Thanks to the great work of Steve Diver of ATTRA and fame, we now have the data from the USDA's 1940 and 1945 food composition tables. They are to be found in the back of "Proteins And Amino Acids In Nutrition" by Melville Sahyun, 1948. The book may be read and downloaded here:

Thanks, SteveD!


m_astera said...

I had to look up Al Kapuler. I'd heard or read the name but didnt' know his history with Peace Seeds and Seeds of Change.

Seemingly what you are referring to AB was Kapuler's work with amino acids in tomatoes. Haven't found the actual paper yet, assuming he wrote one, but on topic:

There is variation in mineral uptake among various cultivars of a given plant, and I agree that as much info as we can get about the variety is essential.

At the same time, my suspicion is that even hybrids bred solely for appearance, uniform maturity, shipping qualities, and volume production, when grown on fully minerals balanced soils, will be higher in essential minerals than the average produce of any variety grown on mineral depleted or unbalanced soils.

Noted: Variety is important info, as is whether or not that variety is a hybrid.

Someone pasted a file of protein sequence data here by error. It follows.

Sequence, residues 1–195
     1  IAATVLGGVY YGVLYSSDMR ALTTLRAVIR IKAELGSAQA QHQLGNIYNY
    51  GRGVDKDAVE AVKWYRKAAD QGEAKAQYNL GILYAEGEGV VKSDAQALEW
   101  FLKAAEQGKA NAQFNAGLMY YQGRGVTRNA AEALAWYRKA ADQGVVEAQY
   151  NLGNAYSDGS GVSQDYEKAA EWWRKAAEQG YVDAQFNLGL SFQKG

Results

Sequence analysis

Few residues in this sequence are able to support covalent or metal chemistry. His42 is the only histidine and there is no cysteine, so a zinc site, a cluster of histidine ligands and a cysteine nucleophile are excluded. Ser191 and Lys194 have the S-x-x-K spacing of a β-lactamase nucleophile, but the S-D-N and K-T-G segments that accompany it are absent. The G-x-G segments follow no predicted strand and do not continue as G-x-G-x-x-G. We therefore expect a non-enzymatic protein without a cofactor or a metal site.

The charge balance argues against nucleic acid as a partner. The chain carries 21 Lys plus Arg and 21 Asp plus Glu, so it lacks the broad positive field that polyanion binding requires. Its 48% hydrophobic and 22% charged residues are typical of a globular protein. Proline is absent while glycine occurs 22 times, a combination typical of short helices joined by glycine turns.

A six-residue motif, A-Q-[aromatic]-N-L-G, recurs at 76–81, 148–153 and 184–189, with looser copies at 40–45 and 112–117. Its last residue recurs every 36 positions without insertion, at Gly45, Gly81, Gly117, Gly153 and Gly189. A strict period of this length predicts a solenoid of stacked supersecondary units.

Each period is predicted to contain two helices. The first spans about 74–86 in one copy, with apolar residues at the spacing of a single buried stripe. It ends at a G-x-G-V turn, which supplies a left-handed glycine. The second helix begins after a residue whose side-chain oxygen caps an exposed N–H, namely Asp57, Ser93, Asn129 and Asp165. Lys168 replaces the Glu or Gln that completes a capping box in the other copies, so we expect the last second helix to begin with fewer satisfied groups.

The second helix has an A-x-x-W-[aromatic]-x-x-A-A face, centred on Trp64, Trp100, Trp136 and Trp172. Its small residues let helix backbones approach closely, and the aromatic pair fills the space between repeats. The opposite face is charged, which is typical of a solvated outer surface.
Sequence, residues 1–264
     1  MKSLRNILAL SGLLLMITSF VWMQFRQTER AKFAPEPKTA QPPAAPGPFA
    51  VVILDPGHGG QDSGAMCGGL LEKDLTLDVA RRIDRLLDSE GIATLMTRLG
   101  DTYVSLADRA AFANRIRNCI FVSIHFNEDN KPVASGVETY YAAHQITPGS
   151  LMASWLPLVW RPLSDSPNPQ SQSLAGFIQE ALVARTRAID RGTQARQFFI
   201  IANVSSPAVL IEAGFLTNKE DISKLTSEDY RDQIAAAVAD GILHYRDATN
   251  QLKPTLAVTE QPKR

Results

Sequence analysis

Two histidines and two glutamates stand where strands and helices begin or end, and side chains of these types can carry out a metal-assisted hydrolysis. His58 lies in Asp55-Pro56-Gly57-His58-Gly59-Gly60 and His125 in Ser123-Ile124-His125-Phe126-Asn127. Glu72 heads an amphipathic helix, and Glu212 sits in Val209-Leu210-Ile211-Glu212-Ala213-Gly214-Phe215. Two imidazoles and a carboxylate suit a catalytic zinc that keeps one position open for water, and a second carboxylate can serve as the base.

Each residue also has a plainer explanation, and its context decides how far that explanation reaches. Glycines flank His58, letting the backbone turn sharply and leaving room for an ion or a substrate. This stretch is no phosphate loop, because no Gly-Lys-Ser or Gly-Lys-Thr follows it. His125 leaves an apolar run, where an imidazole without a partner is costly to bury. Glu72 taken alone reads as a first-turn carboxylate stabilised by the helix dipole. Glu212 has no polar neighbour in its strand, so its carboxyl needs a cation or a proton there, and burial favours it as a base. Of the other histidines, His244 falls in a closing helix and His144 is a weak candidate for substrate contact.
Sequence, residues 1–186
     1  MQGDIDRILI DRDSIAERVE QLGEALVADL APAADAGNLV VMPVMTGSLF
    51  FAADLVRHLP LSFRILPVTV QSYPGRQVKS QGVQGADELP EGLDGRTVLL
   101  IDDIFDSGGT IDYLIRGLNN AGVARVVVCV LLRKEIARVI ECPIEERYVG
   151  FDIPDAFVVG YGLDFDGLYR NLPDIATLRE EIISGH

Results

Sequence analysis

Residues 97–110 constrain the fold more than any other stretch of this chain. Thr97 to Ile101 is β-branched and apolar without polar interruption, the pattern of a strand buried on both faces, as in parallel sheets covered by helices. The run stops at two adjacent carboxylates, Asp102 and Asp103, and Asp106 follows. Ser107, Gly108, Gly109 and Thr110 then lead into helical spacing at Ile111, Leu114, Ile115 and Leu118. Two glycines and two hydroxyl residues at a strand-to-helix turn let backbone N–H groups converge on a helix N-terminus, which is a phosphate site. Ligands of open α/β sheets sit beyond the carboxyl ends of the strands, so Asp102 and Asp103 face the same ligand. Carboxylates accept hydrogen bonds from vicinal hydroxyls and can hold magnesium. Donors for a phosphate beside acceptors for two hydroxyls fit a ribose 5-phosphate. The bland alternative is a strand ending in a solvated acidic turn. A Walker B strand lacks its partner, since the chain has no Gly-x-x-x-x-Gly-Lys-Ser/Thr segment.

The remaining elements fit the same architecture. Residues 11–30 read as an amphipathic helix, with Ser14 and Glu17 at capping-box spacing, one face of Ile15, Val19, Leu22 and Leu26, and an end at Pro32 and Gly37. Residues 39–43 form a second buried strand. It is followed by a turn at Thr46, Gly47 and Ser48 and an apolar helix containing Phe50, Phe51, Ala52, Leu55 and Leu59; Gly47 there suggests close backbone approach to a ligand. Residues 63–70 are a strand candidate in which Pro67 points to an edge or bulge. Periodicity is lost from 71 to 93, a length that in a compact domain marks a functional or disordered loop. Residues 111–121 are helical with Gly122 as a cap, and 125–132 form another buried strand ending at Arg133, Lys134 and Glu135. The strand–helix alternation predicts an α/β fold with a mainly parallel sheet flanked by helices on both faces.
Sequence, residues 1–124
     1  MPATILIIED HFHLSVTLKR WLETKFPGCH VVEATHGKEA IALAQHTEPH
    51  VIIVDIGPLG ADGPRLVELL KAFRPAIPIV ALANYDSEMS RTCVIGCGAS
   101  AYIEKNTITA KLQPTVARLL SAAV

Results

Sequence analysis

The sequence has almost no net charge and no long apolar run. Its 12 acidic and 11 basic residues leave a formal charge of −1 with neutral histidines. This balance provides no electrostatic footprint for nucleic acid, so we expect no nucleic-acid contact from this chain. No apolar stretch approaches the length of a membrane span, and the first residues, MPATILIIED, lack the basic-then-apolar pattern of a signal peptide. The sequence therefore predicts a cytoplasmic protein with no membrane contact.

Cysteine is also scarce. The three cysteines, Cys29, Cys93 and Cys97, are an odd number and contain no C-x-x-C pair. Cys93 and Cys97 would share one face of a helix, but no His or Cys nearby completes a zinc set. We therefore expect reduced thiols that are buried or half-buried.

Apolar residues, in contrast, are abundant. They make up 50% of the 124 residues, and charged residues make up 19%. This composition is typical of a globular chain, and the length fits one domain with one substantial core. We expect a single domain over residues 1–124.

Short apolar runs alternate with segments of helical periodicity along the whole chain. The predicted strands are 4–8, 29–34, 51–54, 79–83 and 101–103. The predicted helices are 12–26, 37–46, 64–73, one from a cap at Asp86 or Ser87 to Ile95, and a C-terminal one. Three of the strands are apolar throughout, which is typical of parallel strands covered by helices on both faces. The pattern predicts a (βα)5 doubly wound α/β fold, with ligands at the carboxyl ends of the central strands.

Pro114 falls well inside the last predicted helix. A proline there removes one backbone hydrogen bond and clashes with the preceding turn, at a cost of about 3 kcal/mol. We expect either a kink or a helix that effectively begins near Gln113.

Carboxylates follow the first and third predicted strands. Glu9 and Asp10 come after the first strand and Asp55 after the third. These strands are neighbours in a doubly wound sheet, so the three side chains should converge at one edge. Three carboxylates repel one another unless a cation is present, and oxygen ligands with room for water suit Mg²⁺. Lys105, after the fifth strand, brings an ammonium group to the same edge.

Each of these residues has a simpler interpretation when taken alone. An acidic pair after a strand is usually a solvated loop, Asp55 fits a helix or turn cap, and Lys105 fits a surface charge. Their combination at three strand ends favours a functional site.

Biodynamic produce tastes so good even when low-Brix, IMO, because it is grown with love and with the cooperation of the earth spirits. That conscious and energetic combination nurtures the plant to achieve its highest potential whatever its environment.

I still think giving the plants a soil environment with all of the essential minerals, abundantly and in good balance, will make it easier for the plant to achieve excellence and that will be reflected in the crop's Brix, flavor, and nutrient content.

Simply balancing the soil minerals and getting the soil biology going is enough to achieve high Brix and high nutrient content. If the plant is also grown using Biodynamic preps, energies, and loving consciousness, imagine the potential!